Definitions for porterˈpɔr tər, ˈpoʊr-

This page provides all possible meanings and translations of the word porter

Princeton's WordNet

  1. porter(noun)

    a person employed to carry luggage and supplies

  2. doorkeeper, doorman, door guard, hall porter, porter, gatekeeper, ostiary(noun)

    someone who guards an entrance

  3. Porter, Katherine Anne Porter(noun)

    United States writer of novels and short stories (1890-1980)

  4. Porter, Cole Porter, Cole Albert Porter(noun)

    United States composer and lyricist of musical comedies (1891-1946)

  5. Porter, William Sydney Porter, O. Henry(noun)

    United States writer of short stories whose pen name was O. Henry (1862-1910)

  6. porter, Pullman porter(noun)

    a railroad employee who assists passengers (especially on sleeping cars)

  7. porter, porter's beer(verb)

    a very dark sweet ale brewed from roasted unmalted barley

  8. porter(verb)

    carry luggage or supplies

    "They portered the food up Mount Kilimanjaro for the tourists"

Webster Dictionary

  1. Porter(noun)

    a man who has charge of a door or gate; a doorkeeper; one who waits at the door to receive messages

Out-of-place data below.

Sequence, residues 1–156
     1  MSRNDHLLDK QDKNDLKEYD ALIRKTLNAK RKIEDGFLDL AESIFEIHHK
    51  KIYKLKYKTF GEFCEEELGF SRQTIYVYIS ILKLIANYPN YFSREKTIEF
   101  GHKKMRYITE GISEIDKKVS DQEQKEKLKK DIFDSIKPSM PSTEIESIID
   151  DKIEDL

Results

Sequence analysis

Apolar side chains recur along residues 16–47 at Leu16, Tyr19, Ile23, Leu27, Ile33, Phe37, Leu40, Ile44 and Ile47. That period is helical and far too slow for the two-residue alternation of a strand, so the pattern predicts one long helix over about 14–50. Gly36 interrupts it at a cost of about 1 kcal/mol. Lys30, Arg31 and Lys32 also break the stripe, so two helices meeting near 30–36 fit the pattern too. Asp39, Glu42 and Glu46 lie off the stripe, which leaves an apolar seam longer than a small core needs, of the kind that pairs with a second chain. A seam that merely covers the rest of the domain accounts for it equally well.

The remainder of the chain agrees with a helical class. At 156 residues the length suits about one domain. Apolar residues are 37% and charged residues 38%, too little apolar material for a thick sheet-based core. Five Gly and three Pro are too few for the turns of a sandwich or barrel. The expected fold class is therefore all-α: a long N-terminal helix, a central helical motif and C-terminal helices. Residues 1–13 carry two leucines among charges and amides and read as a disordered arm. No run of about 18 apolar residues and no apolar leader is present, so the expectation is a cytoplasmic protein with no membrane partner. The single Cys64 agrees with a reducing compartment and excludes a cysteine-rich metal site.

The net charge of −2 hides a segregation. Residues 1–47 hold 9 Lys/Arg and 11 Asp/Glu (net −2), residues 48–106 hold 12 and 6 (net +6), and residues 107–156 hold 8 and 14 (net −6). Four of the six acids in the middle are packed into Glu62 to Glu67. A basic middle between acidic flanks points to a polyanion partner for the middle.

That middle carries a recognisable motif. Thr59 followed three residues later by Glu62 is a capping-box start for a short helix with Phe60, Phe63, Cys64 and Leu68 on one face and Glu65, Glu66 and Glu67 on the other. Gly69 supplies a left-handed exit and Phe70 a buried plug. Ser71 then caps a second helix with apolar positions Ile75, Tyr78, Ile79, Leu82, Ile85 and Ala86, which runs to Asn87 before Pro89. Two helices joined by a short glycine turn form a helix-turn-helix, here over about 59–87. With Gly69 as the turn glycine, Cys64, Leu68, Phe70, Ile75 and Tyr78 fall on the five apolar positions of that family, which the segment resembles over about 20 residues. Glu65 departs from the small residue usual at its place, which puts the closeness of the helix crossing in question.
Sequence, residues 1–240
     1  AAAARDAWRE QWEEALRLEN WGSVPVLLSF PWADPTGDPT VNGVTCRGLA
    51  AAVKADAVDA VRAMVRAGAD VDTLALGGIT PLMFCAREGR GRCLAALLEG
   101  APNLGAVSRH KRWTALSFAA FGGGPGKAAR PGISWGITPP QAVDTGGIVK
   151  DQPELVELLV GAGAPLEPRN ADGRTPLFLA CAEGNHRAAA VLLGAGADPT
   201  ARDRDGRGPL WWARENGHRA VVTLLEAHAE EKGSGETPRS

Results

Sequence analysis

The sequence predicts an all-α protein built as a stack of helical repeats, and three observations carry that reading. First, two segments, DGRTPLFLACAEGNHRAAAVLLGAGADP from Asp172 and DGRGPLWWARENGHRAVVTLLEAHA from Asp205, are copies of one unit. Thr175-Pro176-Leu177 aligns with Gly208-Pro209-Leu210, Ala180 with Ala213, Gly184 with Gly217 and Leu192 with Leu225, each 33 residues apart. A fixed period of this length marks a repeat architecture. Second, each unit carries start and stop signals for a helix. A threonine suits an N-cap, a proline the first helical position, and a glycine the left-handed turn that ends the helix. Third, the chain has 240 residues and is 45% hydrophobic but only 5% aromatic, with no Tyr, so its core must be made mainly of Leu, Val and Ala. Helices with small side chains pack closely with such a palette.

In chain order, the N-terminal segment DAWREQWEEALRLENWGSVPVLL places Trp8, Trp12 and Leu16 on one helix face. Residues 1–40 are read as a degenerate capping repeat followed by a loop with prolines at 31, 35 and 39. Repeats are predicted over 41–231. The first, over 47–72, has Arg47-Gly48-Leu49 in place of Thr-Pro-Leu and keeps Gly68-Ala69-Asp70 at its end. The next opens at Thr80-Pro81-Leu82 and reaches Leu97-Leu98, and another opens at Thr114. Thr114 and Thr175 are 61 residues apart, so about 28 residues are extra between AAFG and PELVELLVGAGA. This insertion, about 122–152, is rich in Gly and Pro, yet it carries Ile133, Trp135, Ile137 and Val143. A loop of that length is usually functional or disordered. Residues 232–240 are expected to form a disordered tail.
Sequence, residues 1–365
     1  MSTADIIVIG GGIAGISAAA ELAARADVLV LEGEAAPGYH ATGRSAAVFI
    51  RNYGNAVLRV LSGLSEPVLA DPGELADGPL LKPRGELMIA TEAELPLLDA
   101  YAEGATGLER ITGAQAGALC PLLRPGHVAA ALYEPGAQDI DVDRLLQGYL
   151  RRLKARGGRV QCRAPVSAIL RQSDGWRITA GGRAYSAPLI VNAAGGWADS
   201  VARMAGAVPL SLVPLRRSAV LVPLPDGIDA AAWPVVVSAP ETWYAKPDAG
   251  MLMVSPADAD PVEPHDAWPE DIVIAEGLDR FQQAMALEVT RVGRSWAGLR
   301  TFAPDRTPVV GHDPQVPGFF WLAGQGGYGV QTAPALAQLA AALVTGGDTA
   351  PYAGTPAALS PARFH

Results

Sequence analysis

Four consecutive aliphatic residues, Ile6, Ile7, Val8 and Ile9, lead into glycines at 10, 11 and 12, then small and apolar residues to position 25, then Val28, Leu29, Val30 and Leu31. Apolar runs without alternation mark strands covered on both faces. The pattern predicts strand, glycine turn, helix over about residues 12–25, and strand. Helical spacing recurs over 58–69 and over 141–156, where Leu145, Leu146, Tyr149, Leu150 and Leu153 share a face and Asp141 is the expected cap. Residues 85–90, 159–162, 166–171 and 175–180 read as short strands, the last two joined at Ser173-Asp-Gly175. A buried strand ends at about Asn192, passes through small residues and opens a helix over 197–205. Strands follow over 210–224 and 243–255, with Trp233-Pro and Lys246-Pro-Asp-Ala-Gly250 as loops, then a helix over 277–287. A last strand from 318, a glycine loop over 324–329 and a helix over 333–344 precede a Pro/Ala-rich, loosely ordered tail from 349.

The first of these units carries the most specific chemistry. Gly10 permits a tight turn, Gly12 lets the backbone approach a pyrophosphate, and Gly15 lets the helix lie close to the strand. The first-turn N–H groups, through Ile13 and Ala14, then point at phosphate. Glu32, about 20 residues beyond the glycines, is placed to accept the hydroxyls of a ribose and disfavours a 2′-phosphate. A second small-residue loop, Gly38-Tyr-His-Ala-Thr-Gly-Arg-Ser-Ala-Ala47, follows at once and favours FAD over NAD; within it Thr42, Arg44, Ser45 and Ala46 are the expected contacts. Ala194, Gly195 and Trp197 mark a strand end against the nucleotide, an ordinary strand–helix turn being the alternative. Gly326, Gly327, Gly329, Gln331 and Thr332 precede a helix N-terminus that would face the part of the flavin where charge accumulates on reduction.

2. Porter(noun)

    a carrier; one who carries or conveys burdens, luggage, etc.; for hire

  3. Porter(noun)

    a bar of iron or steel at the end of which a forging is made; esp., a long, large bar, to the end of which a heavy forging is attached, and by means of which the forging is lifted and handled in hammering and heating; -- called also porter bar

  4. Porter(noun)

    a malt liquor, of a dark color and moderately bitter taste, possessing tonic and intoxicating qualities

  5. Origin: [F. portier, L. portarius, from porta a gate, door. See Port a gate.]

Freebase

  1. Porter

    Porter is a dark style of beer originating in London in the 18th century, descended from brown beer, a well-hopped beer made from brown malt. The name is thought to come from its popularity with street and river porters. The history and development of stout and porter are intertwined. The name "stout" for a dark beer is believed to have come about because a strong porter may be called "Extra Porter" or "Double Porter" or "Stout Porter". The term "Stout Porter" would later be shortened to just "Stout". For example, Guinness Extra Stout was originally called "Extra Superior Porter" and was only given the name Extra Stout in 1840.


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